Summer’s Here – Pool Safely!

While Memorial Day Weekend is the official beginning of summer and pool opening season for much of the country, water safety should be a concern year-round.

Drowning claims nearly half a million people every year, and half of those victims are children. Drowning is the 2nd leading cause of accidental death for children 1-14 years old.

The Michael Phelps Foundation, founded by the Olympic gold medalist to promote swimming and water safety, recently became the latest partner in the Pool Safely campaign. Pool Safely, launched by the U.S. Consumer Product Safety Commission to reduce childhood drownings, has these tips:


  1. Always watch children when they’re in or near water. Pool Safely recommends designating an official, adult Water Watcher to supervise children in the water, even if there is also a lifeguard present. Watching should be their only task – they shouldn’t be reading, texting or playing games on their phone.
  2. Teach children to stay away from drains, and make sure all pools and spas have compliant drain covers. The suction from a pool or spa drain can be powerful enough even trap an adult.
  3. Install a fence at least four feet high around all sides of your pool or spa. The water should only be accessible through a self-closing, self-latching gate.Teach children to never try to climb over the gate or fence. Always remove portable pool ladders when not in use.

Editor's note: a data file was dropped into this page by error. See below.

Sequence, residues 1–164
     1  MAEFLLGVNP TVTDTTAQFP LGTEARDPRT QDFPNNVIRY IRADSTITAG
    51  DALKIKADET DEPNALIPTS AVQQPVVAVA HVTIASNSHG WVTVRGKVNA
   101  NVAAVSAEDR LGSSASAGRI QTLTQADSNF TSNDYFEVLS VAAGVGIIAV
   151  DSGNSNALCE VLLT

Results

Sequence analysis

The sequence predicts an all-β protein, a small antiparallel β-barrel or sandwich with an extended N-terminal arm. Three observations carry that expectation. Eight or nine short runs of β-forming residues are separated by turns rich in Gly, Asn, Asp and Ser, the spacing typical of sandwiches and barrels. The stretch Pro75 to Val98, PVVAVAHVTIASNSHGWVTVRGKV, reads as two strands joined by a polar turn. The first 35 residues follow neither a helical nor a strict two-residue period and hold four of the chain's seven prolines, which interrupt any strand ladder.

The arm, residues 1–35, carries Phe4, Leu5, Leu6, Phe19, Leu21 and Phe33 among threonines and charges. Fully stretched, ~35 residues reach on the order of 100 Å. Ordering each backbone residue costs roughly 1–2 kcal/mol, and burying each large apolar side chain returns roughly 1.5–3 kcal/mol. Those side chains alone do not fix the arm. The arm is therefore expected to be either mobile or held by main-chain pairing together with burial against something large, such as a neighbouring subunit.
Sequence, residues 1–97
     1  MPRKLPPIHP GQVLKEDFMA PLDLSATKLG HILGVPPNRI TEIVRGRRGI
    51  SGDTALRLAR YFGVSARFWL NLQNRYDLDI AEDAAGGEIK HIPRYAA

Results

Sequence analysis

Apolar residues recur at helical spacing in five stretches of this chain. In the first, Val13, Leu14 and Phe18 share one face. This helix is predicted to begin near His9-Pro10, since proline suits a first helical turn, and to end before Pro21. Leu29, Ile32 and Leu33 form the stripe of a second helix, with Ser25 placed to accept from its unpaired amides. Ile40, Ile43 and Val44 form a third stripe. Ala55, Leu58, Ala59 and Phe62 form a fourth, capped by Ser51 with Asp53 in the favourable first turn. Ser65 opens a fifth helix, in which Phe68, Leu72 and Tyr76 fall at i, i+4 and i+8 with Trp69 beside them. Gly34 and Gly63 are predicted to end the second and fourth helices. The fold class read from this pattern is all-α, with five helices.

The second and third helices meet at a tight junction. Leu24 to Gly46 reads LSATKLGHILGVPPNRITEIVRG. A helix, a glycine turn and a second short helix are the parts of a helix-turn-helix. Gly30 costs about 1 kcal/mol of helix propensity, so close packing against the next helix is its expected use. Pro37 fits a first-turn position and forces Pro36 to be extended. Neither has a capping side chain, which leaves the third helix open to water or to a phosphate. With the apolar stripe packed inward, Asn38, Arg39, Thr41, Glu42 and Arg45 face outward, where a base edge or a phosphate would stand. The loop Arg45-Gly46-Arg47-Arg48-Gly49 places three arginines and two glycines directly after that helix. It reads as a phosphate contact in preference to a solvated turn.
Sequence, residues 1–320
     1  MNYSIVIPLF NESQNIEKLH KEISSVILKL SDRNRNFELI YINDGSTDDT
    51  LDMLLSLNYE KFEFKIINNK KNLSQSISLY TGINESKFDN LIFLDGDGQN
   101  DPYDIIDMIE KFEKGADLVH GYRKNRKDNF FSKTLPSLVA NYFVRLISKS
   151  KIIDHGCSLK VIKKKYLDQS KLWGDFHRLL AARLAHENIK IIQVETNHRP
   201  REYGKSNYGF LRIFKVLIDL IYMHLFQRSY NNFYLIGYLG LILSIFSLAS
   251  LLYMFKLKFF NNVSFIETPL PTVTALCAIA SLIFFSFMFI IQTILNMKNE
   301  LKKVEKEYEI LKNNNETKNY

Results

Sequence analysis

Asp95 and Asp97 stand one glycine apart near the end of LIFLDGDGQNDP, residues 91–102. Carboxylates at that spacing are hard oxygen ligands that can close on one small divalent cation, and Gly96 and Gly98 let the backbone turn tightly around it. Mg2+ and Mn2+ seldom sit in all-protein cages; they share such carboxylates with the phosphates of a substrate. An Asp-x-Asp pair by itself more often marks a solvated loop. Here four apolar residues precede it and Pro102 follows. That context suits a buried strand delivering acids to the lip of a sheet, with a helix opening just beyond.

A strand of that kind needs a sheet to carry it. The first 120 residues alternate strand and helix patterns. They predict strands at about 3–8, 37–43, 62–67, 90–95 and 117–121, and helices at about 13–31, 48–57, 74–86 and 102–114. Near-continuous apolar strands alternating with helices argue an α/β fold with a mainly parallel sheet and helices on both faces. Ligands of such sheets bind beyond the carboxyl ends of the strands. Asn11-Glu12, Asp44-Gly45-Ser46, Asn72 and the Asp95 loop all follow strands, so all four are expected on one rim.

1. When swimming outside, get everyone out of the water if you hear thunder or see lightning.
  1. Every child should learn to swim. Find free or reduced-cost options for swimming lessons from your local YMCA, USA Swimming chapter or Parks and Recreation Department.
  2. Help your child learn what to do in and around pools and spas with Pool Safely’s Adventures of Splish & Splash app.

Spread the word:  Children and adults can each take their own version of the Pool Safely Pledge.

Safe Swimming

Safe Swimming

Swimming can be one of the great joys of a child’s summer. But its important to be vigilant around water, and not just at the beach. Drowning is the second leading cause of unintentional injury-related death for children 14 and under. And for children ages 1 to 4 its the leading cause. The majority of drownings and near-drownings occur in residential swimming pools (Foundation for Aquatic Injury Prevention).

Keep young swimmers safe with a few simple rules:

  • Lifeguards aren’t babysitters. Keep an eye on your kids, and never leave a child alone near water, whether on the beach or at a pool.
  • Enroll children older than age three in swimming lessons taught by qualified instructors. But keep in mind that lessons don’t make your child “drown-proof.”
  • Always follow posted safety precautions when visiting water parks.
  • When swimming outside, get everyone out of the water if you hear thunder or see lightning.

Teach your children these four key swimming rules:

  • Always swim with a buddy.
  • Don’t dive into unknown bodies of water. Jump feet first to avoid hitting your head on a shallow bottom.
  • Don’t push or jump on others.
  • Stay away from drains in pools and spas.

Water Safety Tip Sheet

Pool Safely